radarScreen-719485Over at We Fly Spitfires, Gordon weighs the pros and cons of Cryptic’s upcoming Star Trek: Online release, which has received a tentative confirmation for the first quarter of 2010, not that far from now.

If there’s any MMO out there that has flown way under the radar, cloaked better than a Klingon Warbird, it would be this one. This is interesting in a variety of ways – for one, Cryptic has an MMO that just released that’s currently taking up its spotlight in Champions Online. Even though the hoopla for that title wasn’t as large comparatively to other MMO releases, it’s still that development team’s first major project post-City of Heroes and has garnered a lot of attention. The fact that Cryptic may soon be dividing resources between two live games is interesting, to say the least.

The other is that this is the Star Trek IP. Comparing this to, say, Star Wars: The Old Republic from Bioware, the amount of exposure the two games are getting is like night and day. Despite being cautious with their detailed info, Bioware’s PR storm has been far more prevalent than anything cooked up for Star Trek: Online. It’s a bit intriguing considering that Star Trek could be compared to Star Wars in terms of being well-known and famous in the sci-fi and geek world – yet the hype for this upcoming title has been next to nothing.

I can’t say that the strategy is one that is detrimental by any means, even if you take into account that this blog is always sunshine. The reason I say that is that many MMOs have been burned by the searing light of hype, expectations, and buzz without real detail. They’ve gotten a lot of attention only to be hurt by people quick to judge it as not meeting the needs of the MMO community. Where Star Trek is going appears to be a different approach – build the playerbase from the ground up as opposed to from the skies downward, offering a title that may have some initial problems but which could get a dedicated playerbase enough to spread the word. Star Trek’s famous aura in terms of sci-fi supports this kind of careful approach. Aside from Star Wars fans, Star Trek fans are among some of the most analytical and rabid I’ve ever seen in the years I’ve been moderating forums, and a game based upon that is going to need to be careful where they tread lest the community burn them at the stake.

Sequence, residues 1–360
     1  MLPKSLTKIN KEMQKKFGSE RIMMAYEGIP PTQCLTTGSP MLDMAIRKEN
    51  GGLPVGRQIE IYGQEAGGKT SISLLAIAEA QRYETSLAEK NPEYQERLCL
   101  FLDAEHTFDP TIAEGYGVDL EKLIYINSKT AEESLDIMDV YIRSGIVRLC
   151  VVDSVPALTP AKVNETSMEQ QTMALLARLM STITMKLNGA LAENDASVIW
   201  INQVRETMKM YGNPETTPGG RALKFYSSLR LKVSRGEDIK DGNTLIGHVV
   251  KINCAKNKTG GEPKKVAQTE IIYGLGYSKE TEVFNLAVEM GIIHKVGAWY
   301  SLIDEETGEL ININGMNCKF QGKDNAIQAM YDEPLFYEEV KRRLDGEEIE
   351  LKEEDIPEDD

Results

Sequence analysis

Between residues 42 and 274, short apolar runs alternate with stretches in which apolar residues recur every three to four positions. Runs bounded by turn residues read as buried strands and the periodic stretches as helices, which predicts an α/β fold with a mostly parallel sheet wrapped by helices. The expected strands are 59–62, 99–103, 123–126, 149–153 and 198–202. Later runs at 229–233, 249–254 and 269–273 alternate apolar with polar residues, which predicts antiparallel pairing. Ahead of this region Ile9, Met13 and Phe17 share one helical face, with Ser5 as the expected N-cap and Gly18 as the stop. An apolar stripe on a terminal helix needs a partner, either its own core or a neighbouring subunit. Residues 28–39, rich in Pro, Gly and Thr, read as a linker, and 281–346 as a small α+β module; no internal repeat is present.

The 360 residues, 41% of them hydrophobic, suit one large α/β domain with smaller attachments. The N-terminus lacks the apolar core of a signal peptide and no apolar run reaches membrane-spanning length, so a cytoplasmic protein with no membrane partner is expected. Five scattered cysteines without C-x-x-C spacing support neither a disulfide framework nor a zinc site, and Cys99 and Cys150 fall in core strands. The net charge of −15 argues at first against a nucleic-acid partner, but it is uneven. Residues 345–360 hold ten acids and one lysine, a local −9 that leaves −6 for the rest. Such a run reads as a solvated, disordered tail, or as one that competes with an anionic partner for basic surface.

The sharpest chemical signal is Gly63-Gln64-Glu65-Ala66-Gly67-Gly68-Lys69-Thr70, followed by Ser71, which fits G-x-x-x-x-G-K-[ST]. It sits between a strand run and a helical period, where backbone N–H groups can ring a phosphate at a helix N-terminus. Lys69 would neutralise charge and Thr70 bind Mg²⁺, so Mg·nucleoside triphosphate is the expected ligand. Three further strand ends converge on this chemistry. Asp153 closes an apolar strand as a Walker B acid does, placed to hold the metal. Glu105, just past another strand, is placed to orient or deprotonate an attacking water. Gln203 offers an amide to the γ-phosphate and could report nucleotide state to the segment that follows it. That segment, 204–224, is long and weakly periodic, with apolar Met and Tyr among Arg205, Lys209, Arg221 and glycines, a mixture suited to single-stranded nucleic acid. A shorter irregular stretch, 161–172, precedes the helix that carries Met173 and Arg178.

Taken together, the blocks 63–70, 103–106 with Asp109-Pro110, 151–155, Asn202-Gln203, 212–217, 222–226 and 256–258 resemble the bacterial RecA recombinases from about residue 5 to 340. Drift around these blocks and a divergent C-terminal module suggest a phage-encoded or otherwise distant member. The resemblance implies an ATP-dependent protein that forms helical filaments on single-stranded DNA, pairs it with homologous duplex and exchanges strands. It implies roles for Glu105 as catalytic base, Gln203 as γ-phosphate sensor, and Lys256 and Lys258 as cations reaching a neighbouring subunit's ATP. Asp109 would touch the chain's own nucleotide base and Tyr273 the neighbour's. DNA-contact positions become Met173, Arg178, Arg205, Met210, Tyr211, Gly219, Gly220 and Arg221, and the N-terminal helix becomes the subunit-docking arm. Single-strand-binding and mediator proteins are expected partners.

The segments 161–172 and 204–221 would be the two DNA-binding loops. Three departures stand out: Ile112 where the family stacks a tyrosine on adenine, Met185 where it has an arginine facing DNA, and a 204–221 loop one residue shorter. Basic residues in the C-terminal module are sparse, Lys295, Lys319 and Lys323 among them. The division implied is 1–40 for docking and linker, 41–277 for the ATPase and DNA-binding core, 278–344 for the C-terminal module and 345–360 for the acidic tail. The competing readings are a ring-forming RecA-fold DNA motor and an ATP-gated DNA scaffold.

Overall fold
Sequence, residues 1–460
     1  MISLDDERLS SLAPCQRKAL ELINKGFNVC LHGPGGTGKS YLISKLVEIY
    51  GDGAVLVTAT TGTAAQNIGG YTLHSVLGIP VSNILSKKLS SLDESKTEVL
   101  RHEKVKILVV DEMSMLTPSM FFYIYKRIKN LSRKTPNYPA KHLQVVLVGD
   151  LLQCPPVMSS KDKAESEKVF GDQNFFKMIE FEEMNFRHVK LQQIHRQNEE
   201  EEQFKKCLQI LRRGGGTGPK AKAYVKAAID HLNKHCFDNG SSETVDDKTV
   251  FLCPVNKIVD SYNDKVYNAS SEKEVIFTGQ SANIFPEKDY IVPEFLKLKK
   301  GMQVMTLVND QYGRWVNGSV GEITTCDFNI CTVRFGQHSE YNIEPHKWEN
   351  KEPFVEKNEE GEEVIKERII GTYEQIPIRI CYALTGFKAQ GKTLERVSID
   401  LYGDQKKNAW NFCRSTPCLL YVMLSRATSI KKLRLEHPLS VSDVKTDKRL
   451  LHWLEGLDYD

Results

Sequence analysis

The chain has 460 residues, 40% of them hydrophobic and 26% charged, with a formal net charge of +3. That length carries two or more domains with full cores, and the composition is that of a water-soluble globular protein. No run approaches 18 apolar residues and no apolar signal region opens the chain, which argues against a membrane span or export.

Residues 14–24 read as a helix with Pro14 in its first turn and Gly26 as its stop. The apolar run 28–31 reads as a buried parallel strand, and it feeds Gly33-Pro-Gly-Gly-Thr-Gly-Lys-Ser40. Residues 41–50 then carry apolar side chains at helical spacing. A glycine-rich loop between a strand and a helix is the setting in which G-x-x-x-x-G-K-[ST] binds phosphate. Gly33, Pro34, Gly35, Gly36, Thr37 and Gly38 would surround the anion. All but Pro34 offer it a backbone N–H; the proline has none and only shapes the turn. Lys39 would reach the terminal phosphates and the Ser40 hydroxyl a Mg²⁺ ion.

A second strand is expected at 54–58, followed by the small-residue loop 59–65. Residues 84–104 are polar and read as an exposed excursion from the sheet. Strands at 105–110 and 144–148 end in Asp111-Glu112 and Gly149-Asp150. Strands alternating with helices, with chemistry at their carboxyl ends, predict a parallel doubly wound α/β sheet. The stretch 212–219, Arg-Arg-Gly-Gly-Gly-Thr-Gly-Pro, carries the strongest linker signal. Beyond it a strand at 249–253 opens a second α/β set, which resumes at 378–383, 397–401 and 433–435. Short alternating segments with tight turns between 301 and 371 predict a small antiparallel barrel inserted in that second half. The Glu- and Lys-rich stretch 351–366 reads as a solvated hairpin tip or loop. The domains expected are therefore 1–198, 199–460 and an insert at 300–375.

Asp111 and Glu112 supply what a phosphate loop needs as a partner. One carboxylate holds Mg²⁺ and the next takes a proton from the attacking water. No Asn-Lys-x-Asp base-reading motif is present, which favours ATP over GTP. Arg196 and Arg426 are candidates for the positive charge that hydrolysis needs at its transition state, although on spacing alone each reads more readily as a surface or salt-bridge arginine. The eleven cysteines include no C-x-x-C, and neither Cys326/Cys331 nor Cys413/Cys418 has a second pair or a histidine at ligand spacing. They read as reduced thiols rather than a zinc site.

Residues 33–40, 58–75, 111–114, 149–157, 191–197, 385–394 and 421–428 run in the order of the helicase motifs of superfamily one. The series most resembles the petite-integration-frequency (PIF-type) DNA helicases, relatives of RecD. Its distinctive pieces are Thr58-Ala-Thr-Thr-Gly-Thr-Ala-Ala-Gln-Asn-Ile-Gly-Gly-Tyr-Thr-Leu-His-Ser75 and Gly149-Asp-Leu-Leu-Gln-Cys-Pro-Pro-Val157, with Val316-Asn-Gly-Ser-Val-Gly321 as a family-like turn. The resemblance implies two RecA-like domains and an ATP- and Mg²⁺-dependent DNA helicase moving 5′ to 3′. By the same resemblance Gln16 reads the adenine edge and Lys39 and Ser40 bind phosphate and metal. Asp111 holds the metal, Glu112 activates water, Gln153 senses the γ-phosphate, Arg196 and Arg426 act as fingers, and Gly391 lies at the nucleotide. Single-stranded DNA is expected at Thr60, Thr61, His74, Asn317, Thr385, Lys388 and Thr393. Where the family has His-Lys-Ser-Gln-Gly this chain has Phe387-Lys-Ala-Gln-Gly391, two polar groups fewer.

It’s possible that being so cloaked from the community might end up being more hurtful to Star Trek: Online than helpful, but I can’t help but wonder if the title is planning on being a sleeper, moving in quietly to secure those disillusioned by the current crop of MMOs to offer a more realistic experience that isn’t “this game was hyped to x but didn’t meet the expectations because of y”. It appears that Cryptic has less to lose in this regard – and the fact that I’m writing about a title that only a couple months ago we heard almost nothing about shows that the strategy is somewhat working.